Thanksgiving has never been my favorite holiday. As a vegetarian, I know that Thanksgiving traditions aren’t exactly geared towards me. In past years I’ve tried to make my own contribution to the big dinner with a vegetarian entrée that everyone would enjoy. With a highly carnivorous father, a mother who is a vegetarian but doesn’t like anything too “flavorful,” a skeptical brother who hates beans, and a sister whose food aversions seem to change with every season, a vegetarian crowd-pleaser is a tall order. One year I made spanakopita (spinach pie), another year I made tiropita (cheese pie), and more recently I made a mushroom tart. All were vaguely accepted, but with the traditional Thanksgiving fare competing for attention, I felt as though I was making an entrée just for little old me. For a fleeting moment I thought I’d stay strong and make another entrée this year in the name of vegetarianism, but as I was leafing through recipes for lentil-stuffed swiss chard and whole grain pasta with chopped brussels sprouts, I remembered my cooking motto that started when the boy and I began compromising in the kitchen. It grounds me, forces me to branch out, and best of all, it only asks for a simple “yes” or “no” answer: Would a dude eat this?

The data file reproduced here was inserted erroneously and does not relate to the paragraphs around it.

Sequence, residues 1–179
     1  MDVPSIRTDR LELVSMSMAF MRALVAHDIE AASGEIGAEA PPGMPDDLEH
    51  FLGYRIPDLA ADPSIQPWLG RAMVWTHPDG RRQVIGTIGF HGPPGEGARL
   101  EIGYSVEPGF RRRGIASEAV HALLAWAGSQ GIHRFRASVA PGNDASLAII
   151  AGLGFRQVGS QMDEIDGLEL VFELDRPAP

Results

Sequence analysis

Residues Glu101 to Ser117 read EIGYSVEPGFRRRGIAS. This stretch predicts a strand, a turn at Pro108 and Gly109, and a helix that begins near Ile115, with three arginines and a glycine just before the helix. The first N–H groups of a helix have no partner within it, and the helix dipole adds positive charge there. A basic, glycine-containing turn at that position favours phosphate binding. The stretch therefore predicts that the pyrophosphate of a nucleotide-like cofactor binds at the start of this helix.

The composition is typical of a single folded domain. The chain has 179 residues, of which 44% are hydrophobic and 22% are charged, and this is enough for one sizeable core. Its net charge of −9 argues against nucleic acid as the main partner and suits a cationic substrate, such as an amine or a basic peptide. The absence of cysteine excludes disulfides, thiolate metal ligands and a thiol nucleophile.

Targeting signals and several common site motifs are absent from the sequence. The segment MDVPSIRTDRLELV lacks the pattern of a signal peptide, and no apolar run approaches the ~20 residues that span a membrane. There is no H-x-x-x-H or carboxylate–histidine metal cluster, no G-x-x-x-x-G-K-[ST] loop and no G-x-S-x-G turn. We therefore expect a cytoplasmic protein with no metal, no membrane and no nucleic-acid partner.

With the decisive direction from my motto, I decided to step away from the main course and move into an area where my efforts are usually more widely appreciated (read: by more than myself). Cherry pie is something I’ve only had a handful of times, but love more and more with every plate given to me. I had never made my own pie crust, or a double-crusted pie for that matter. Since I knew my mom, ever the stickler for tradition, would have the usual spread of pumpkin and french silk pies available at our Thanksgiving, I figured it wouldn’t matter if I botched this one up. With a little piecing together of cherry pie recipes, and two brave grocery trips on the day before Thanksgiving (tip: AVOID this is possible), I grabbed my mother’s pie pans and dove into the unknown. Or the slightly known, if you will. And I think you will.
The pie received rave reviews from big eaters, small eaters, meat eaters, and even the devoted traditionalists. What’s more, just a bit of pie victory made this vegetarian feel like she may have a place in this Thanksgiving holiday after all.